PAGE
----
President's Showcase

Sophie Allen

Oral Presentation, 7:15-7:30 PM, Ballroom C
Sophie Allen_headshot.jpg

Tyler Center for Global Studies Undergraduate Research Award

Characterizing the Durability of Experience-dependent Representational Changes in the Hippocampus
Supervising Professor: Dr. Chris Martin
Sophie Allen is a senior at Florida State University majoring in Psychology and Biomathematics. Since spring 2021, she has been actively engaged in Dr. Chris Martin’s Memory Lab, investigating long-term memory using functional magnetic resonance imaging. Her research interests reside in cognitive neuroscience, with a specific focus on human long-term memory, perception, and learning. Upon her graduation in spring 2024, Sophie plans to pursue a Ph.D. in Cognitive Neuroscience, integrating computational modeling and empirical methods to advance her research interests.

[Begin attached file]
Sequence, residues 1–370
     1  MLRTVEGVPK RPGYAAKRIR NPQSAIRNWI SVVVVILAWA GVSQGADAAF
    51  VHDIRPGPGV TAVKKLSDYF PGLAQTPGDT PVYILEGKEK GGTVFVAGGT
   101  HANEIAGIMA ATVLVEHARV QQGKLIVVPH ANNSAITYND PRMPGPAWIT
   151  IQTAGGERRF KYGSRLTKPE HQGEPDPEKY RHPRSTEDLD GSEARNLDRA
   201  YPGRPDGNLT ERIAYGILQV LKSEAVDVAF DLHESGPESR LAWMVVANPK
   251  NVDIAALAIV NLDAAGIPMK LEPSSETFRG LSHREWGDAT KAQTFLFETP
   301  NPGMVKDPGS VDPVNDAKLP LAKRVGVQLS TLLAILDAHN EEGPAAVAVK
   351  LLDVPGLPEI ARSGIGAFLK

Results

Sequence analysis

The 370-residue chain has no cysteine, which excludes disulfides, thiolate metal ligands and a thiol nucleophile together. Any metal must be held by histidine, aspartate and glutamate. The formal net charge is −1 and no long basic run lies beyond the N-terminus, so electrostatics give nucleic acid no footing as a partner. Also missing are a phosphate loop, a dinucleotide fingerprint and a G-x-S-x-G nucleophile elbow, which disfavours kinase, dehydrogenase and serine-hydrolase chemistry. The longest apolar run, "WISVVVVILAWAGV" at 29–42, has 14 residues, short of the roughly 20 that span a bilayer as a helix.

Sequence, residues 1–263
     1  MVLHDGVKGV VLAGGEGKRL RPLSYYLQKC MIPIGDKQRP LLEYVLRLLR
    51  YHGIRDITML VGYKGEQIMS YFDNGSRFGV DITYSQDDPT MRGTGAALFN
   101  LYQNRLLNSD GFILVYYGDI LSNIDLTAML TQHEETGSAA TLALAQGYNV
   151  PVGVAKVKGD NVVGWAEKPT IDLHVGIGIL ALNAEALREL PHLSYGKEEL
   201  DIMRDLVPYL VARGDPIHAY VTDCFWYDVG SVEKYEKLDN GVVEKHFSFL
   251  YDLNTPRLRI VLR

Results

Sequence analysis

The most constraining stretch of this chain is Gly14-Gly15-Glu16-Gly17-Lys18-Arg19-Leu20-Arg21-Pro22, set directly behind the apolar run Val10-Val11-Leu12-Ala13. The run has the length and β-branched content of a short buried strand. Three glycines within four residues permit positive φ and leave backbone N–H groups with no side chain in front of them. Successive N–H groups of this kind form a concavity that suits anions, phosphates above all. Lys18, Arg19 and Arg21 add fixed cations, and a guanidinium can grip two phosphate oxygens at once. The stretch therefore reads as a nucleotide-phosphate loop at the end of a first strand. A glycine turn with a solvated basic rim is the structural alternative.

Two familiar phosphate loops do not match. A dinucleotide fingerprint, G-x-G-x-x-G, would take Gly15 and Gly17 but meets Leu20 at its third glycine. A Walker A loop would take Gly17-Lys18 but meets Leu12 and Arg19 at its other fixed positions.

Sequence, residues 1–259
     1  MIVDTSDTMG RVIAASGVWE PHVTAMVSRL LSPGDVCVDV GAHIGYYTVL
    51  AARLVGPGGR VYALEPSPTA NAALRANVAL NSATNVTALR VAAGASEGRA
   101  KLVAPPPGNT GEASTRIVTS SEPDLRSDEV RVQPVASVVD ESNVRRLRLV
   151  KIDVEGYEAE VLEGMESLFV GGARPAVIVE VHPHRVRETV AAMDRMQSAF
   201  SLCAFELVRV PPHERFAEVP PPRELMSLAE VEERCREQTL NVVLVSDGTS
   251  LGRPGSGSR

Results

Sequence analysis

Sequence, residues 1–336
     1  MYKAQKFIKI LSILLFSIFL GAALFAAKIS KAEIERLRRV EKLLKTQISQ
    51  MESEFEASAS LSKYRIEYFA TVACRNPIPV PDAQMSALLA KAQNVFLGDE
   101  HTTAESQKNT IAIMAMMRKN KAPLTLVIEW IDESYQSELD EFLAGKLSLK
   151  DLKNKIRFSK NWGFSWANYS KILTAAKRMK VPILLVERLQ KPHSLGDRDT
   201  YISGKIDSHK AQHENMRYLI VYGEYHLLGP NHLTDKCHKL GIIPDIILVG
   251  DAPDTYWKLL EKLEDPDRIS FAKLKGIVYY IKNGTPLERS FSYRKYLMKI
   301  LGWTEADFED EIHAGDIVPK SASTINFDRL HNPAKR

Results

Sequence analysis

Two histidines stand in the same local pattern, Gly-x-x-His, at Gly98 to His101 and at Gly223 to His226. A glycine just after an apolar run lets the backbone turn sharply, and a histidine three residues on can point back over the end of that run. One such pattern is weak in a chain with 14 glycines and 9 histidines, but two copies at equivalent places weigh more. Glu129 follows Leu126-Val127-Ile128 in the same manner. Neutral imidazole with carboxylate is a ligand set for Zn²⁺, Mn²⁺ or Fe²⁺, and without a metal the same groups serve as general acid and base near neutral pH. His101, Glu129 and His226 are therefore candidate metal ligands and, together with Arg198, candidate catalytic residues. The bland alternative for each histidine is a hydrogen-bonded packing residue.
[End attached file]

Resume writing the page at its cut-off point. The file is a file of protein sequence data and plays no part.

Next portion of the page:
Recalling our past experiences shapes how we see ourselves now and how we envision the future, contributing to our overall sense of self. Remembering specific events involves integrating general world knowledge (semantic memory) with event-specific details (episodic memory) to form autobiographical memory. Unfortunately, the ability to recall event-specific details selectively declines with age. This is thought to reflect reduced differentiation of memory representations in the hippocampus. However, replaying real-world memory cues using a smartphone application called HippoCamera improves recall of event-specific details and increases differentiation of corresponding representations in the hippocampus in older adults. The present study builds on this evidence and investigates whether replaying with HippoCamera enhances differentiation of hippocampal memory traces in young adults as it does in older adults. Additionally, we examine longitudinal representational changes in the hippocampus, asking whether and how mnemonic differentiation varies over time. To answer this question, we used functional magnetic resonance imaging data obtained three months apart in a sample of healthy, young adults. Shortly after our intervention, we found a consistent trend indicating that replaying with HippoCamera promoted differentiation in the right posterior hippocampus. Interestingly, degree of differentiation among replayed memories did not change after three months. Conversely, memories in the baseline condition, which exhibited lower differentiation in the right posterior hippocampus immediately after the intervention, gradually diverged from one another over the three-month period. These data suggest that replaying HippoCamera memory cues enhances memory by accelerating the rate at which memories are differentiated in the hippocampus.

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